Gnome had a significant advantage in user base, with a majority of users.  And somehow alienated that majority, running them to other desktops.  On the flip side, this was the impetus for some new desktop development, such as:  Cinnamon, Mate, Unity, Pantheon.  While there were others available, these were newer projects that scratched the itches of dissatisfied Gnome users.

 

While Gnome3 seems to have settled and matured, perhaps the devs feel vindicated.  But surely they didn't need to run off such a significant chunk of their user base to accomplish that?  JMO...

 

P.S.  Gnome3 looks like an EXCELLENT interface for tablets.  But approximately 10 years after their introduction, we still don't have a viable Linux tablet offering, nor ecosystem.  But if it ever happens, Gnome3 looks like the best choice, IMO.  FWIW...

I think the problem with Gnome3 vs 2 is simply human nature.  If you have a "satisfied user base", making changes will ALWAYS "alienate that majority".  People simply do not like CHANGE.  I've learned to live with my "mouse", but it still annoys me how much of my computer's resources are wasted "making pretty pictures".  But I'm from the era where Bill Gates' remark, "no one will ever need more than one megabyte of RAM", made sense.

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Hedon James
Posted (edited)
55 minutes ago, Bookmem said:

I think the problem with Gnome3 vs 2 is simply human nature.  If you have a "satisfied user base", making changes will ALWAYS "alienate that majority".  People simply do not like CHANGE.  I've learned to live with my "mouse", but it still annoys me how much of my computer's resources are wasted "making pretty pictures".  But I'm from the era where Bill Gates' remark, "no one will ever need more than one megabyte of RAM", made sense.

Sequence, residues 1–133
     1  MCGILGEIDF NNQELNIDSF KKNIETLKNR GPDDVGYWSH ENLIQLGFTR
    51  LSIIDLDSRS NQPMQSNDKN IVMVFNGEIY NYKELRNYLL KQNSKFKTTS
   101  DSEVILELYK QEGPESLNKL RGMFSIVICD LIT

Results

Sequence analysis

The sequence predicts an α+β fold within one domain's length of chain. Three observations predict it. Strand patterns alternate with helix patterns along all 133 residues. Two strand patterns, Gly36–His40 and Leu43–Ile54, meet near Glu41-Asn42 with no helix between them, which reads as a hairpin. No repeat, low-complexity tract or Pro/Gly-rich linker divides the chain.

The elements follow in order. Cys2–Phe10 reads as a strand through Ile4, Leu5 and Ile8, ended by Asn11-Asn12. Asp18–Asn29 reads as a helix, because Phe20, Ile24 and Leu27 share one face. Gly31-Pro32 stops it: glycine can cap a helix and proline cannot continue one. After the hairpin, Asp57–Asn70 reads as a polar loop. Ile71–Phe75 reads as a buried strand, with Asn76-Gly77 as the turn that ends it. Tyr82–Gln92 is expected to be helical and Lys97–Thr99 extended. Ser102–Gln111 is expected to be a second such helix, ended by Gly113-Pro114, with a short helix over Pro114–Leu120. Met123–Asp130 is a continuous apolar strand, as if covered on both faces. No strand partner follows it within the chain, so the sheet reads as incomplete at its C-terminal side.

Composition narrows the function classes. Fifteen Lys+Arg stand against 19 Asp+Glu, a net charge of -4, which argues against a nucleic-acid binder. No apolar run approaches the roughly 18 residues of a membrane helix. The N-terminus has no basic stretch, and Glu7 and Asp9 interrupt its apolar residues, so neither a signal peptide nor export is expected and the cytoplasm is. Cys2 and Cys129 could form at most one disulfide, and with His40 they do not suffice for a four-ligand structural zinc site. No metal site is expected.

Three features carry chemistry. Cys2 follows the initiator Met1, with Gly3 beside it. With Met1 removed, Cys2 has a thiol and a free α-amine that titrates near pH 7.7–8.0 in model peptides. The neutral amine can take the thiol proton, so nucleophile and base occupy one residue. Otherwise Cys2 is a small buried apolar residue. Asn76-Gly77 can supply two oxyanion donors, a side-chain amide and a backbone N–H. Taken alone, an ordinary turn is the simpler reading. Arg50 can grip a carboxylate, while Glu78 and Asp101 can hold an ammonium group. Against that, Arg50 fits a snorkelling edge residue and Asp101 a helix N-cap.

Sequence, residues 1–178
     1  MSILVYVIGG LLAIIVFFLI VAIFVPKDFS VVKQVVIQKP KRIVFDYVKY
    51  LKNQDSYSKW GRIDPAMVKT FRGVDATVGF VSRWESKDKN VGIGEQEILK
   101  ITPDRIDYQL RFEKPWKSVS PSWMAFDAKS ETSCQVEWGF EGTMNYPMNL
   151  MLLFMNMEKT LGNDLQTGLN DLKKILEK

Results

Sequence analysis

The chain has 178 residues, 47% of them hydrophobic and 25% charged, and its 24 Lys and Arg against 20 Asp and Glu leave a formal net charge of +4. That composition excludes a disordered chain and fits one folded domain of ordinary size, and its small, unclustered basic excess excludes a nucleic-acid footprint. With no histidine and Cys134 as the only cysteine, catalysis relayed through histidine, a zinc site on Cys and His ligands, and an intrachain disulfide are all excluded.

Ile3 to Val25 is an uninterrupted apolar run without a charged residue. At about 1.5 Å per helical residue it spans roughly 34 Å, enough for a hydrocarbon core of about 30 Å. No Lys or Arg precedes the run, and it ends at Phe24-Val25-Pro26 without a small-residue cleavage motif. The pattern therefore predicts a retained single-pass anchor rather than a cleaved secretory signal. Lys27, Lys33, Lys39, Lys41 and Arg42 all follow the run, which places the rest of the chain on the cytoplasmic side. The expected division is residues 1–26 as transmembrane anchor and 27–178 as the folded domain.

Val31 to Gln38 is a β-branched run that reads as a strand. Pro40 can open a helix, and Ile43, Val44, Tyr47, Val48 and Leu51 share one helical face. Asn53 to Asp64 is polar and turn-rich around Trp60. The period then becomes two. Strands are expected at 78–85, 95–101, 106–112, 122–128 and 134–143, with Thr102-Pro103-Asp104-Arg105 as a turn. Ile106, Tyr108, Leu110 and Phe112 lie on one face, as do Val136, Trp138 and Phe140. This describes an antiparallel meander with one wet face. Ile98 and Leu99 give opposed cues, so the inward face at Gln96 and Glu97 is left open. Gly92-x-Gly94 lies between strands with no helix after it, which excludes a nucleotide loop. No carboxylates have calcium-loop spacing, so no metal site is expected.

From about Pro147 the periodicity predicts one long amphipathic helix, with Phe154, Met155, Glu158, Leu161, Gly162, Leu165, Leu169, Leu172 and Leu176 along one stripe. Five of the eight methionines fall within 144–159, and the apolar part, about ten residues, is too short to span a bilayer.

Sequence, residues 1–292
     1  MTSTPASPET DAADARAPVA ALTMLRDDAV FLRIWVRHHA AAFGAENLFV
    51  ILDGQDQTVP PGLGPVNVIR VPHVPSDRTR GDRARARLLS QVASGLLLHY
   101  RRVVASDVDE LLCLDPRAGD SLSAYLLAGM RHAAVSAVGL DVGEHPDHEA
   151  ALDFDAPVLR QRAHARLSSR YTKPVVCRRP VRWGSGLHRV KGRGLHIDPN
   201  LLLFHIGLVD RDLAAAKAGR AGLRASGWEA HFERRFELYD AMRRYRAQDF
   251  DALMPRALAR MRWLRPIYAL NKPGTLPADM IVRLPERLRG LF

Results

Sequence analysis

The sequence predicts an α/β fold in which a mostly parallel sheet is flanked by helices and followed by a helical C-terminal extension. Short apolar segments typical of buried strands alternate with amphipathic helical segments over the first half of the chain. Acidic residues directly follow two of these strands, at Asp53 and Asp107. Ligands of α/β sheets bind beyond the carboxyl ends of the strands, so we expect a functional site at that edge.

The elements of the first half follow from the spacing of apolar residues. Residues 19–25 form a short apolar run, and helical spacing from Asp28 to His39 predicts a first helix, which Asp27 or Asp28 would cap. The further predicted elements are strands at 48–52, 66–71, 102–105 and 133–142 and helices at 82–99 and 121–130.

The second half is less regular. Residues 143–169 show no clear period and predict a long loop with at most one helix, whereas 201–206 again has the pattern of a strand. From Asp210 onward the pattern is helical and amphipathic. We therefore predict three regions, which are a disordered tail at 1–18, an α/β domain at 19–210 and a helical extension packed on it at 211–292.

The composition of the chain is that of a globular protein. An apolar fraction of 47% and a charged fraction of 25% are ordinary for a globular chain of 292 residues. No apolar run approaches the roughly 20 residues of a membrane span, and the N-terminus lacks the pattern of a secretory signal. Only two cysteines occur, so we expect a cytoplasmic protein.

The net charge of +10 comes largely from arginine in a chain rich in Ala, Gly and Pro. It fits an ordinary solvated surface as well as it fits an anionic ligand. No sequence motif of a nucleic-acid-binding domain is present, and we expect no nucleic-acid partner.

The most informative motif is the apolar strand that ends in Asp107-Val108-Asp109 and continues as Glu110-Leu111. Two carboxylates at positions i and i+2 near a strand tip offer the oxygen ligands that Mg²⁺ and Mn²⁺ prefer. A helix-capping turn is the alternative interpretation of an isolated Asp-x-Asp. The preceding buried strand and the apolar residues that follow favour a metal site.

While I agree with your overall statement that people do not like change, I'll respectfully disagree with the bolded part.  Many changes are incremental in nature; and most probably represent improvements, even if it's not improved for YOU.  I'm okay with change, especially if its an improvement.  And I'll agree that changes always alienate SOME users.

 

What Gnome did wasn't incremental changes to the desktop to improve the user experience.  It didn't alienate SOME users, it alienated a significant portion if not the majority of their users.  It was a wholesale change of the entire desktop paradigm.  And if you alienate the majority of your users, you're essentially telling them you don't care and they're no longer wanted as users.  If that message is communicated to enough users, you'll essentially be developing your own custom desktop for yourself and the other folks working on it with you.  That's not a sustainable strategy for long-term project success.

 

With that said, I'm a fan of choice, and enough folks liked Gnome3 (or were willing to tolerate it?) enough to retain it.  So it worked out for them.  But I think they succeeded in SPITE of themselves, not because of themselves.  JMO...

Edited by Hedon James

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raymac46

We are all told to "embrace change" and "shift paradigms" but it can be painful. I remember how much trouble people in my lab had when the company changed from Windows 3.11 to NT4 back in the 90s. "Where's my Program Manager window? What is this Start button anyway?"

Fast forward to Windows 8 and everybody is flummoxed when the Start button goes away. Fortunately I was retired by then.

Maybe the problem isn't so much with developers making change, but in the attitude that we know better than you what you'll want/need. Witness the reaction to Flatpaks, systemd, Pulse Audio.

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sunrat
7 hours ago, Bookmem said:

Bill Gates' remark, "no one will ever need more than one megabyte of RAM

 

The quote was 640K of RAM and he was alleged to have said it in 1981. Gates vehemently denies it.

 

Did Gates Really Say 640K is Enough For Anyone?

 

Quote

Maybe the problem isn't so much with developers making change, but in the attitude that we know better than you what you'll want/need. Witness the reaction to Flatpaks, systemd, Pulse Audio.

 

Systemd and PulseAudio turned out OK IMHO although there are still some who like to be outraged and pretend they haven't matured over the years. Certainly PA was a dog's breakfast when it first was introduced to mainstream distros. Sometimes the loudest complaints are from people who just don't like the change and can't be bothered adjusting to a new way of doing things even if it's a major improvement.

Containerised applications though are a virus on the whole Linux ecosystem. If I wanted software like that, I'd use Windows.

  • Agree 1